Philosophers must oppose arrogance of scientism

Opposition to religion stems from the fact that many of these scientists are fundamentalist materialists

Richard Dawkins: according to him, belief in God is childishly unreasonable. Photograph: David Levenson/Getty Images

Richard Dawkins: according to him, belief in God is childishly unreasonable. Photograph: David Levenson/Getty Images


The modern world runs on science-based technology, and nobody seriously disputes the importance of science.

This importance has tempted many eminent scientists to adopt a dismissive attitude called “scientism” towards other disciplines. Scientism applies science to address questions in areas where science has no competence. But scientism is simply wrong, and might have disastrous consequences for science if allowed to develop. Philosophy has an important role in identifying areas where science has competence, but, by and large, philosophers are not confronting scientism.

Scientism comes in stronger and weaker forms. The robust form claims that science is the only valid way of seeking knowledge. The weaker doesn’t go that far, but it inappropriately applies science to a wide range of questions.

The strong form is a ridiculous claim espoused by few scientists. One scientist who does espouse it is biologist Richard Lewontin, who has said: “In order to properly understand the universe, people should reject irrational and supernatural explanations of the world and accept a social and intellectual apparatus, science, as the only begetter of truth.” (New York Review of Books, 1997.)

The weaker form is frequently directed against religion by prominent scientists. In a BBC2 Newsnight TV programme in 2009, Richard Dawkins made the ignorant statement: “God has the same status as fairies.” In other words, according to Dawkins, belief in God is childishly unreasonable. But Dawkins doesn’t enlighten us as to what aspects of the fairy philosophy of life rival the mature philosophy of Christianity. It is, of course, reasonable to be a Christian – anybody who doubts that should read, for example, the books written by the mathematical physicist and Anglican theologian John Polkinghorne, such as Quarks, Chaos and Christianity.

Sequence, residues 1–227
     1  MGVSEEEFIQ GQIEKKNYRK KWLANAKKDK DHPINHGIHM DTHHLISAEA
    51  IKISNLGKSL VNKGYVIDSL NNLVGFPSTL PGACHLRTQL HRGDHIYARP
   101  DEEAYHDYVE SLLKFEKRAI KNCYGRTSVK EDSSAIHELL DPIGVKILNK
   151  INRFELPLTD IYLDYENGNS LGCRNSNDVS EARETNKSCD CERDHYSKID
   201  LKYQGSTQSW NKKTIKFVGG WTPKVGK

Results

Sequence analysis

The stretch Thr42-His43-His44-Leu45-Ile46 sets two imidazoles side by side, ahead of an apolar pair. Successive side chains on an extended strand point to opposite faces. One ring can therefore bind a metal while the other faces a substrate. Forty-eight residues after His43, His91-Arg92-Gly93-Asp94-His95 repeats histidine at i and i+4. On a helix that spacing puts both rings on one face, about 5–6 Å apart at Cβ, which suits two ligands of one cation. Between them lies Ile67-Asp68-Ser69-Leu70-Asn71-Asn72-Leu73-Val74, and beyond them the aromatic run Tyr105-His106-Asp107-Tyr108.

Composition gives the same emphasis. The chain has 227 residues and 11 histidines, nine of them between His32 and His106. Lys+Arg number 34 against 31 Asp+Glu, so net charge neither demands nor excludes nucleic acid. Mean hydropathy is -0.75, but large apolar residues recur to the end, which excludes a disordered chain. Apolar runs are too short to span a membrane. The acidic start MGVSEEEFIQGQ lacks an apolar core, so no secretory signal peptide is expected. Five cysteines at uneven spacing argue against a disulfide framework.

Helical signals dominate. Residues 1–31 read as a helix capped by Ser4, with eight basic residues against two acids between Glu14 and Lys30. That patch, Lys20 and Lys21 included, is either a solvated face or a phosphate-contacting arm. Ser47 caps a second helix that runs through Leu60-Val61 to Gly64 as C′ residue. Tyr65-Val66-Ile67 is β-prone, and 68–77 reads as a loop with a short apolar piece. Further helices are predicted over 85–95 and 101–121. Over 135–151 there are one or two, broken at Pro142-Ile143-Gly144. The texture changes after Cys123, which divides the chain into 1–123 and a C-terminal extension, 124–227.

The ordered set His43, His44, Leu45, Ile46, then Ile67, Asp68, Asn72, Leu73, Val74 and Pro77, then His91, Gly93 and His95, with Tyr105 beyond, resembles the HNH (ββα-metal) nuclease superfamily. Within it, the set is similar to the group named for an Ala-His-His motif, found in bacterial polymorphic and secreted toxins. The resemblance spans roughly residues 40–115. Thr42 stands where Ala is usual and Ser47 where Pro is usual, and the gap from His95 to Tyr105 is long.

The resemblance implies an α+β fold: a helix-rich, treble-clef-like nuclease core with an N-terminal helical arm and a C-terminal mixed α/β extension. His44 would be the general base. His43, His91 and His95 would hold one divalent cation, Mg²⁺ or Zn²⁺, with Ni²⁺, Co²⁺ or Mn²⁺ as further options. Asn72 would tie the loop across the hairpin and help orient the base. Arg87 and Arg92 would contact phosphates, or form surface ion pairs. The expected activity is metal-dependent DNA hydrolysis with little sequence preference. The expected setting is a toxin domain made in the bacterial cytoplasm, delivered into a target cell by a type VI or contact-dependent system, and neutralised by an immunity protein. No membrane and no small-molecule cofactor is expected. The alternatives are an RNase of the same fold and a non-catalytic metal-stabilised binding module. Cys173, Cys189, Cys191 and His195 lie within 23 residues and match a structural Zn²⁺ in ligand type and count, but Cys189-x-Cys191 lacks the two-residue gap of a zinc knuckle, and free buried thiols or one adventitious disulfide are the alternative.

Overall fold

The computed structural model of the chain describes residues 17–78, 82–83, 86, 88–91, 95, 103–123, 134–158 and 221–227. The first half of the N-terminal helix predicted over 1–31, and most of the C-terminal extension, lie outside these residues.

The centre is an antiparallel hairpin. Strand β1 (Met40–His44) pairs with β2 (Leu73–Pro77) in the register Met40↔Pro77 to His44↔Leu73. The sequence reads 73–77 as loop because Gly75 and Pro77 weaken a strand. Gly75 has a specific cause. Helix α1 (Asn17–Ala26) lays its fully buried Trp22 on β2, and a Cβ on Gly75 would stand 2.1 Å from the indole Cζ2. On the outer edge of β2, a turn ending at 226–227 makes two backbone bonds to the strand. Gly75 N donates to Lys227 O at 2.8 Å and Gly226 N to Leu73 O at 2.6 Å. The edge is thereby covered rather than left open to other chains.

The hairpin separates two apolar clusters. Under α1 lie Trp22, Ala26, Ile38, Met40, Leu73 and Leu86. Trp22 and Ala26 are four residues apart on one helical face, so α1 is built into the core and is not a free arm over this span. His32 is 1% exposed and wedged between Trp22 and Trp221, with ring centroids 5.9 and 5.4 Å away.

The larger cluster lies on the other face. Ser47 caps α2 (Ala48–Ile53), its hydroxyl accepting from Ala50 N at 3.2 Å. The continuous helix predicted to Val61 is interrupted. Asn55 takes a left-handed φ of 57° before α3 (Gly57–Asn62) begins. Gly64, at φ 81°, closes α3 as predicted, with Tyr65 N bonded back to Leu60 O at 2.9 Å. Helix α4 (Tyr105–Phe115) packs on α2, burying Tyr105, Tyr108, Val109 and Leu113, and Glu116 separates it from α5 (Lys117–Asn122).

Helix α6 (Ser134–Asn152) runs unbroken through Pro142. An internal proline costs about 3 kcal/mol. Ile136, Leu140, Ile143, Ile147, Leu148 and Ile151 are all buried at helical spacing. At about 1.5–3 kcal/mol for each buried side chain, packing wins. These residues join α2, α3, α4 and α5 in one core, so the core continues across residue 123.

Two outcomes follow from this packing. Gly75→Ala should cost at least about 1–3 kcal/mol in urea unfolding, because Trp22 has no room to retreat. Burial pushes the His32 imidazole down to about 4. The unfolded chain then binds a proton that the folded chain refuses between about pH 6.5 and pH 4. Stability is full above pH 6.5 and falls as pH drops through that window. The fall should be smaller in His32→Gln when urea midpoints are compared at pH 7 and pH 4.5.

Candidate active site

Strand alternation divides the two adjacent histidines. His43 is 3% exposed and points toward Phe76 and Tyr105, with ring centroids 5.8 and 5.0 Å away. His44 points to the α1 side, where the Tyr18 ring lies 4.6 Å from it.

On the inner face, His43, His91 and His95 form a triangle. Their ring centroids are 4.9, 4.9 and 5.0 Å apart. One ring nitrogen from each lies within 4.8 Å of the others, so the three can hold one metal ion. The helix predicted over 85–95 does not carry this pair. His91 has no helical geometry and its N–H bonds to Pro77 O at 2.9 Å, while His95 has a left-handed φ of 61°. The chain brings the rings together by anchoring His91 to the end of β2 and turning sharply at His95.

I think the extreme stance of Dawkins and others against religion stems from the fact that these scientists are fundamentalist materialists. Materialism is the philosophical belief that nothing exists except the material: that is, matter and energy. Therefore the supernatural doesn’t exist and religion is nonsense. However, materialism is a philosophy that has not – and probably cannot – be proved.

Materialism and science
Science studies the natural world. It is materialistic in its method but not in its philosophy. Science does not deny the supernatural, it simply has nothing to say about it. Science and religion address different aspects of reality and do not contradict each other, as noted by the eminent science writer Stephen J Gould in his book Rocks of Ages. It is not necessary to be a materialist to be a scientist. Most of the great scientists in history were Christians and, today, about 40 per cent of scientists believe in a personal God.

It is reasonable to be a materialist. But, since materialism is unproven, materialists must accept that, no matter how improbable it seems to them, there is a possibility they might be wrong and a supernatural dimension might exist. Materialists are therefore obliged to respect the position of religious people who believe in the supernatural but accept all that science has and will discover. Of course, religious people have an equivalent obligation towards materialists.

Those who espouse scientism are scathing not only of religion but of philosophy in general. For example, the eminent chemist Peter Atkins says in his article Science as Truth (History of the Human Sciences, 1995): “I consider it to be a defensible proposition that no philosopher has helped to elucidate nature; philosophy is but the refinement of hindrance.” And Stephen Hawking, in his book The Grand Design (2010), says: “We wonder, we seek answers: What is the nature of reality? Where did all this come from? Did the universe need a creator? Traditionally, these are questions for philosophy, but philosophy is dead. Philosophers have not kept up with modern developments in science”. One would imagine that such comments would cause a storm of public protest from philosophers, but no such storm has arisen. Why not?

Throughout the 20th century, philosophers have been content to politely applaud science from the sidelines. Science now thanks philosophy by declaring it dead. One very important function of philosophy is to identify scientific questions. This is important in order to keep science from going off the rails. Philosophy is not doing its job.

William Reville is an emeritus professor of biochemistry at UCC.

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